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Volume 70: Issue 5 (October 2015)

Yuliy Sannikov

Pages: 5-6  |  Published: 9/2015  |  DOI: 10.1111/jofi.12355  |  Cited by: 0

Reaching for Yield in the Bond Market

Pages: 1863-1902  |  Published: 9/2015  |  DOI: 10.1111/jofi.12199  |  Cited by: 377


This paper studies reaching for yield—investors’ propensity to buy riskier assets to achieve higher yields—in the corporate bond market. We show that insurance companies reach for yield in choosing their investments. Consistent with lower rated bonds bearing higher capital requirements, insurance firms prefer to hold higher rated bonds. However, conditional on credit ratings, insurance portfolios are systematically biased toward higher yield, higher CDS bonds. This behavior is related to the business cycle being most pronounced during economic expansions. It is also characteristic of firms with poor corporate governance and for which the regulatory capital requirement is more binding.

Arbitrage Asymmetry and the Idiosyncratic Volatility Puzzle

Pages: 1903-1948  |  Published: 9/2015  |  DOI: 10.1111/jofi.12286  |  Cited by: 676


Buying is easier than shorting for many equity investors. Combining this arbitrage asymmetry with the arbitrage risk represented by idiosyncratic volatility (IVOL) explains the negative relation between IVOL and average return. The IVOL‐return relation is negative among overpriced stocks but positive among underpriced stocks, with mispricing determined by combining 11 return anomalies. Consistent with arbitrage asymmetry, the negative relation among overpriced stocks is stronger, especially for stocks less easily shorted, so the overall IVOL‐return relation is negative. Further supporting our explanation, high investor sentiment weakens the positive relation among underpriced stocks and, especially, strengthens the negative relation among overpriced stocks.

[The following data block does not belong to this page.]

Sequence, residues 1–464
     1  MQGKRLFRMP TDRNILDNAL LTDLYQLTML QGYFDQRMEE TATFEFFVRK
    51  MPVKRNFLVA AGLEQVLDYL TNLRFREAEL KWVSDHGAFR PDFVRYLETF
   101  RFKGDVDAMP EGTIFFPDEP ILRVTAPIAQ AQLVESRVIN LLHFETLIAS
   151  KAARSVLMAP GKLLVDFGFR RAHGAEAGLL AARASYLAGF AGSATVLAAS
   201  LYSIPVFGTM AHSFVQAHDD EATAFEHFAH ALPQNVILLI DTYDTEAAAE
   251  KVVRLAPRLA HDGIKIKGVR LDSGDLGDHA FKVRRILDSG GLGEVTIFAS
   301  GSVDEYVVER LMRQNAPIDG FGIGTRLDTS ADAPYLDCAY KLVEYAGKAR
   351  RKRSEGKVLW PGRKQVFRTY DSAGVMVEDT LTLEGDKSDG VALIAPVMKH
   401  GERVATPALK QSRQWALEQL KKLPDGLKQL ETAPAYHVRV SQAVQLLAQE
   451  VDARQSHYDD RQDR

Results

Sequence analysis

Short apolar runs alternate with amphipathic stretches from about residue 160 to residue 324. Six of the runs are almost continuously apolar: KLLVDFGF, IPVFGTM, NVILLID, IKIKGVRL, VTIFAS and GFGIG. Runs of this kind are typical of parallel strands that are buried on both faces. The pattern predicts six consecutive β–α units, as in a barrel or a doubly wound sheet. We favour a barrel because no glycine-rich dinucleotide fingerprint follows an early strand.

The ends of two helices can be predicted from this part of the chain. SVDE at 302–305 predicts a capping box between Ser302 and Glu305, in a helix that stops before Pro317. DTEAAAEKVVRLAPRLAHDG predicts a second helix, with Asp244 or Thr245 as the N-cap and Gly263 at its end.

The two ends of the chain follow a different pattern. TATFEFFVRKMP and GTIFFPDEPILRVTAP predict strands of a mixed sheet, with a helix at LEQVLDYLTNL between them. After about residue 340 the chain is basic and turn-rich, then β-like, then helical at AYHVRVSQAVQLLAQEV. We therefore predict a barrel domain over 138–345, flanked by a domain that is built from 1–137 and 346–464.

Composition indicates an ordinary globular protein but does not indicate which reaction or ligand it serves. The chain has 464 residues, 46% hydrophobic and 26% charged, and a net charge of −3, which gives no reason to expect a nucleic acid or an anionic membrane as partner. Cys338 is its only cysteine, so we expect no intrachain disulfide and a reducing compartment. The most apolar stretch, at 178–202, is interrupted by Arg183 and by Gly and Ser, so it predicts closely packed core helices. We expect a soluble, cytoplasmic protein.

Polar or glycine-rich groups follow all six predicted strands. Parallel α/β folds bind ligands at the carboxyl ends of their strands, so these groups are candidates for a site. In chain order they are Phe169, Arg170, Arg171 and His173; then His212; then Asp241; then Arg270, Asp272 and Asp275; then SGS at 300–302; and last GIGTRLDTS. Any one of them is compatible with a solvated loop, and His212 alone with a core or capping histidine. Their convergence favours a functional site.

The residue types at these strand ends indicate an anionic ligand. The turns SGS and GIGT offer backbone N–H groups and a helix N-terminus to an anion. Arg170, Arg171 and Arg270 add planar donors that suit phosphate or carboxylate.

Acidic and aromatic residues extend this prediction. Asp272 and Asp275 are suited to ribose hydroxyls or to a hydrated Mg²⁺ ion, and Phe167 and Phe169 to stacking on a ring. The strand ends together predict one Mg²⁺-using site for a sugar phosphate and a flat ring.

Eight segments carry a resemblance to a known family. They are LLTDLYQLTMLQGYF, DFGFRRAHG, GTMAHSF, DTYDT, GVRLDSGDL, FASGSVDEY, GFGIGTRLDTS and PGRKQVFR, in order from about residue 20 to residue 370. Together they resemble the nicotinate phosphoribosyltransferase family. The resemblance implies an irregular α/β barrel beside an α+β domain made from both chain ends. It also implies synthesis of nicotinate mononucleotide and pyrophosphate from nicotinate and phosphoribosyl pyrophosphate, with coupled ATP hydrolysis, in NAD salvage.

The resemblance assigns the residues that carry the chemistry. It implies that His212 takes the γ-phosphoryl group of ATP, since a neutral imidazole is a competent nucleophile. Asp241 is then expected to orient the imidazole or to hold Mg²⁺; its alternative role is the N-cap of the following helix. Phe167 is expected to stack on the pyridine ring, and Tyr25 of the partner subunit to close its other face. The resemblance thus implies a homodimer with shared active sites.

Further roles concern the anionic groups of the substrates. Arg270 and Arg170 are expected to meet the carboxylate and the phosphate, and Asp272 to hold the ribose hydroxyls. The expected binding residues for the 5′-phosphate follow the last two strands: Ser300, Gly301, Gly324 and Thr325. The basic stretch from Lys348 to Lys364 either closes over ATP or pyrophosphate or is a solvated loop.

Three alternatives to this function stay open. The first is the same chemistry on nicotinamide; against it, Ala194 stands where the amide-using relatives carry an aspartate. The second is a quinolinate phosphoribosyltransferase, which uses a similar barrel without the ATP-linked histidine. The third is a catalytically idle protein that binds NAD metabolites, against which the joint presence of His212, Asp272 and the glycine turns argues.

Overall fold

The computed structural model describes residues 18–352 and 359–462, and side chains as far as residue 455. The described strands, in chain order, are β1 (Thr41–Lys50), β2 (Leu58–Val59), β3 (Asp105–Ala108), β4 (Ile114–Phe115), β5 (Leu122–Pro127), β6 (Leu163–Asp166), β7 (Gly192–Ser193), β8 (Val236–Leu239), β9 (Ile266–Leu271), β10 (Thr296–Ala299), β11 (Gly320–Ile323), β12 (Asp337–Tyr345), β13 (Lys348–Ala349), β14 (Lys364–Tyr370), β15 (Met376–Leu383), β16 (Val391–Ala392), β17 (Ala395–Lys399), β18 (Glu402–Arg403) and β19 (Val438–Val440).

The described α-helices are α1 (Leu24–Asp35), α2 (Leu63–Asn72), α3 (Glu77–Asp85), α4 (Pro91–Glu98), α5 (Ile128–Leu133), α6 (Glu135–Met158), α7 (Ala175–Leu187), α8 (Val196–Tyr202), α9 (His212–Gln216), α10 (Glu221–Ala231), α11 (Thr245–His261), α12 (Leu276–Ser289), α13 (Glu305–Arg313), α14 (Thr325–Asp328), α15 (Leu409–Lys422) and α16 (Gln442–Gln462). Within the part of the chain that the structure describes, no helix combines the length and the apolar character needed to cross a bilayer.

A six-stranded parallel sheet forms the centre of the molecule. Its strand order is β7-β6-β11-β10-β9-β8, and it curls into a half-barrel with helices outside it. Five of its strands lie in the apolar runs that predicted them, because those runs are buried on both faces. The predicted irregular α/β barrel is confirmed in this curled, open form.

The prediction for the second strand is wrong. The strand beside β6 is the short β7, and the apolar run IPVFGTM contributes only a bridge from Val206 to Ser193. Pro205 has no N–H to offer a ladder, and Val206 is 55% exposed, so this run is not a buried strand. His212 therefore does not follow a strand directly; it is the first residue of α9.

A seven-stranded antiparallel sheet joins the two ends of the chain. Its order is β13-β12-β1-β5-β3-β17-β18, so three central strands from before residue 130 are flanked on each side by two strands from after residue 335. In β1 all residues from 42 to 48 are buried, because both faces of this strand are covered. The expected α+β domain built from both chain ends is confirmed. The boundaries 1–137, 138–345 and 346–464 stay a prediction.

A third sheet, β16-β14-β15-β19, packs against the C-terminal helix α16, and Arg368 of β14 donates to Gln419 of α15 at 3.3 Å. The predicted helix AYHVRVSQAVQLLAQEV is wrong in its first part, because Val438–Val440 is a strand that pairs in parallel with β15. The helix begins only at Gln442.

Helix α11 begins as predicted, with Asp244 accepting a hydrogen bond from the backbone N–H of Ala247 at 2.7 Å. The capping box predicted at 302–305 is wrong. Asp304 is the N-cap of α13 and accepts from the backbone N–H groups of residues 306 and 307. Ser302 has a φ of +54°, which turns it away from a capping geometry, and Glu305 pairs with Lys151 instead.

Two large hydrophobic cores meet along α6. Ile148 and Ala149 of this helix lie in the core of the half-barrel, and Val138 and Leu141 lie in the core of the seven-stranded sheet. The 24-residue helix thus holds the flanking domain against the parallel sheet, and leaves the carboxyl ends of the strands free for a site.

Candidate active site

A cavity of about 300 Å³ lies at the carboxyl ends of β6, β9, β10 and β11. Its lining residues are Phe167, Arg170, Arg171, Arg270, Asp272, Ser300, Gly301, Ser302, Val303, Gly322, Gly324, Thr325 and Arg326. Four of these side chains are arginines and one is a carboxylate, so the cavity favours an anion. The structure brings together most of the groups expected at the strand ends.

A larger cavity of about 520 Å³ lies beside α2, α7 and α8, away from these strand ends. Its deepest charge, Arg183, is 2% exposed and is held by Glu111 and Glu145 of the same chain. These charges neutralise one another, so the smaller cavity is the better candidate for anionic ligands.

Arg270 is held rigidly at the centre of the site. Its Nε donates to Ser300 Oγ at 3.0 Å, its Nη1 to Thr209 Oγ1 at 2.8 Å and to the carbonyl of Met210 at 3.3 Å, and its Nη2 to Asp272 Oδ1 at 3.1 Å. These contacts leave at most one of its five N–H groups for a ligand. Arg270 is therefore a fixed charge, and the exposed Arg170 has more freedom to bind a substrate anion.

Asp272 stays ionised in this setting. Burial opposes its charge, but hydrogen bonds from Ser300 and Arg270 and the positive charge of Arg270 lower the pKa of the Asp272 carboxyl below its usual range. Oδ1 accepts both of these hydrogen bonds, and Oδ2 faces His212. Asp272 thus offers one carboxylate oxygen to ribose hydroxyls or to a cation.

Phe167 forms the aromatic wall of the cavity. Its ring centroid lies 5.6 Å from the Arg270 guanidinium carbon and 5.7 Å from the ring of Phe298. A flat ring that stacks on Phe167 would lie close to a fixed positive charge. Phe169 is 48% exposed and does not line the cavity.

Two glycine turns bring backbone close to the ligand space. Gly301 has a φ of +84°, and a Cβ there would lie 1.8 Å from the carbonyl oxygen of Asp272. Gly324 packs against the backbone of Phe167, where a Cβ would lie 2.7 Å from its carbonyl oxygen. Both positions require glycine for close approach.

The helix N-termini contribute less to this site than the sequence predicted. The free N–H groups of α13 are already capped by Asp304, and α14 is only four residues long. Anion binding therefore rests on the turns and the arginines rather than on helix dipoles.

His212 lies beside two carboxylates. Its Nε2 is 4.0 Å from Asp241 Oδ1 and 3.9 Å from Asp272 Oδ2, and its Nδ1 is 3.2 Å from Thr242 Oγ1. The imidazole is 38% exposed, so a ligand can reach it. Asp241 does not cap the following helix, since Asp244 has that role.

Wall Street Occupations

Pages: 1949-1996  |  Published: 9/2015  |  DOI: 10.1111/jofi.12244  |  Cited by: 81


Many finance jobs entail the risk of large losses, and hard‐to‐monitor effort. We analyze the equilibrium consequences of these features in a model with optimal dynamic contracting. We show that finance jobs feature high compensation, up‐or‐out promotion, and long work hours, and are more attractive than other jobs. Moral hazard problems are exacerbated in booms, even though pay increases. Employees whose talent would be more valuable elsewhere can be lured into finance jobs, while the most talented employees might be unable to land these jobs because they are “too hard to manage.”

Market Making Contracts, Firm Value, and the IPO Decision

Pages: 1997-2028  |  Published: 9/2015  |  DOI: 10.1111/jofi.12285  |  Cited by: 48


We examine the effects of secondary market liquidity on firm value and the IPO decision. Competitive aftermarket liquidity provision is associated with reduced welfare and a discounted secondary market price that can dissuade IPOs. The competitive market fails in particular for firms or at times when uncertainty regarding fundamental value and asymmetric information are large in combination. In these cases, firm value and welfare are improved by a contract where the firm engages a designated market maker to enhance liquidity. Such contracts represent a market solution to a market imperfection, particularly for small, growth firms.

Asymmetric Learning from Financial Information

Pages: 2029-2062  |  Published: 9/2015  |  DOI: 10.1111/jofi.12223  |  Cited by: 147


This study asks whether investors learn differently from gains versus losses. I find experimental evidence that indicates that being in the negative domain leads individuals to form overly pessimistic beliefs about available investment options. This pessimism bias is driven by people reacting more to low outcomes in the negative domain relative to the positive domain. Such asymmetric learning may help explain documented empirical patterns regarding the differential role of poor versus good economic conditions on investment behavior and household economic choices.

Informational Frictions and Commodity Markets

Pages: 2063-2098  |  Published: 9/2015  |  DOI: 10.1111/jofi.12261  |  Cited by: 164


This paper develops a model with a tractable log‐linear equilibrium to analyze the effects of informational frictions in commodity markets. By aggregating dispersed information about the strength of the global economy among goods producers whose production has complementarity, commodity prices serve as price signals to guide producers' production decisions and commodity demand. Our model highlights important feedback effects of informational noise originating from supply shocks and futures market trading on commodity demand and spot prices. Our analysis illustrates the weakness common in empirical studies on commodity markets of assuming that different types of shocks are publicly observable to market participants.

The Beauty Contest and Short‐Term Trading

Pages: 2099-2154  |  Published: 9/2015  |  DOI: 10.1111/jofi.12279  |  Cited by: 77